There are many methods to synthesize nanocomposites. Recently, methods, for example, precipitation in high-boiling polyalcohol solutions, inverse microemulsion, and hydrothermal solgel autocombustion, and so forth have been used to synthesize neodymium oxides nanocrystallites in glass matrix. Many researchers [1012] have pointed out that the formation of rare-earth oxides inside or at the surface of amorphous Si O 2 matrix mainly depends on the preparation method and calcination. In particular, Kępiński et al. [4] synthesized and characterized thin film of N d 2 O 3 on the glass slide and the stainless steel plate. For proper utilization of binary oxides systems, specially nanocrystalline L n 2 O 3 (Ln, lanthanide) containing Si O 2 , in scientific and technological applications, requires a better understanding of the phase diagrams and interionic interactions of the binary oxides. The phase evolution and interaction mechanisms are deeply involved in the fundamental physics of rare-earth ions/oxides and silica. Thus, in the present report, we have investigated effect of the temperature as well as annealing time on the binary oxide and found that the phase evolution of rare-earth oxides depends on thermal treatment. The binary oxide was synthesized by the solgel protocol method. The stem of present study is in the results of our earlier report [13], in which we reported that the thermal annealing history plays crucial role in altering the fundamental of size on N d 2 O 3 -doped silica powder prepared by the solgel protocol method. In that investigation [13], it was observed that the nanostructures of the N d 2 O 3 -doped silica powder can be obtained annealing at temperature (1200°C) for (6 hours). However, in the present paper we have shown that calcination at low temperature (800°C) with prolonged annealing time (10 hours) mainly supports the development of the cubic N d 2 O 3 nanocrystallites in case of neodymium-containing silica. We found average size of the neodymium oxide nanocrystallites in a silica matrix was 20 nm. The X-ray diffraction (XRD), Fourier transformation infrared spectroscopy (FTIR), scanning electron microscopy (SEM) data are obtained of heat treated samples.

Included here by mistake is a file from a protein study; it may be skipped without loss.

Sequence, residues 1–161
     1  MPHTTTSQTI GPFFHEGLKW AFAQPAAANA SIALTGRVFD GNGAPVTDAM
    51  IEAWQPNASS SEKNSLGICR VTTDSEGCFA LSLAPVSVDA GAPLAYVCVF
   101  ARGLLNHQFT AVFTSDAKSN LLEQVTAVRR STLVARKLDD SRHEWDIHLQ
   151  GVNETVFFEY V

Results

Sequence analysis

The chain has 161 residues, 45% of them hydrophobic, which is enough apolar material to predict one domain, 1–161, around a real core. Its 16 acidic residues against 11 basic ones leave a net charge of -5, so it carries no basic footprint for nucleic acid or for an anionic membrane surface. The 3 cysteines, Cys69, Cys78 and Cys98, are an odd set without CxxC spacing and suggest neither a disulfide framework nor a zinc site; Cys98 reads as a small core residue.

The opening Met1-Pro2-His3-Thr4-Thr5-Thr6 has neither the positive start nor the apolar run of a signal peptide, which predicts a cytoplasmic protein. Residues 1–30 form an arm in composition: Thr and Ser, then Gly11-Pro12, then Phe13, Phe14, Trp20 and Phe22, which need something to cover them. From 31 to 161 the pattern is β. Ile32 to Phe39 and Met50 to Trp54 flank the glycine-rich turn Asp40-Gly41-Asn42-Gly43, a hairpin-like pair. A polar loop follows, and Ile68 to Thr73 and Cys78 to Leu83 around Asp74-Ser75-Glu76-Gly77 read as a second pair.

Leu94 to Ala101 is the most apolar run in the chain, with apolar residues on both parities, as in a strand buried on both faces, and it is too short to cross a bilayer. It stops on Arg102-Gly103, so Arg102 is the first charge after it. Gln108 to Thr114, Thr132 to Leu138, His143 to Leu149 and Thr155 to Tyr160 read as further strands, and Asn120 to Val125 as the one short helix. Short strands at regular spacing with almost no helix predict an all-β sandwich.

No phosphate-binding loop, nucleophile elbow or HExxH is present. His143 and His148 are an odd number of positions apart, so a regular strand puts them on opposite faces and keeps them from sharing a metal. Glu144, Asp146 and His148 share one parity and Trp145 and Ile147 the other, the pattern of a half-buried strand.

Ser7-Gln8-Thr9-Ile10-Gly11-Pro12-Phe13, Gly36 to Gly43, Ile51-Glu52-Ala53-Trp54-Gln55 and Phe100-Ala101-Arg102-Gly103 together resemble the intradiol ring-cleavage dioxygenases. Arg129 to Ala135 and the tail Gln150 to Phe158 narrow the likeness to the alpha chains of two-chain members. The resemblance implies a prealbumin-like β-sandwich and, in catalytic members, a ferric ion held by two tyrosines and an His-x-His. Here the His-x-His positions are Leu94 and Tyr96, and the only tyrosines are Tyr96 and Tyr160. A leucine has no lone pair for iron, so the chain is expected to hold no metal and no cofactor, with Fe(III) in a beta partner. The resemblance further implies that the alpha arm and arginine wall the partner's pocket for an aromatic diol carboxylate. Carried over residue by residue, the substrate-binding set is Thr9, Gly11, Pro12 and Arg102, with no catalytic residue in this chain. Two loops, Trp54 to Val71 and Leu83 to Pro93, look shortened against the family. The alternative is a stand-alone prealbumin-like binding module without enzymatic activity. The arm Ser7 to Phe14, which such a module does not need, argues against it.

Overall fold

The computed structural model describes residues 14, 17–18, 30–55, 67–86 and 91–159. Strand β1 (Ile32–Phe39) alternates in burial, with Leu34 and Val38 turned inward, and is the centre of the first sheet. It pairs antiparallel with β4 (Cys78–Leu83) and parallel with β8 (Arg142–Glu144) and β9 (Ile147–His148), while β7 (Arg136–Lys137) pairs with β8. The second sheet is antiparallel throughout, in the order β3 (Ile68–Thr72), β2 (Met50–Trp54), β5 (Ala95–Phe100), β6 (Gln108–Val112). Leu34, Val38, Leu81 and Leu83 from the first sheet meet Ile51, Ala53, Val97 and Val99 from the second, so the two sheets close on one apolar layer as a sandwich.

2. Experimental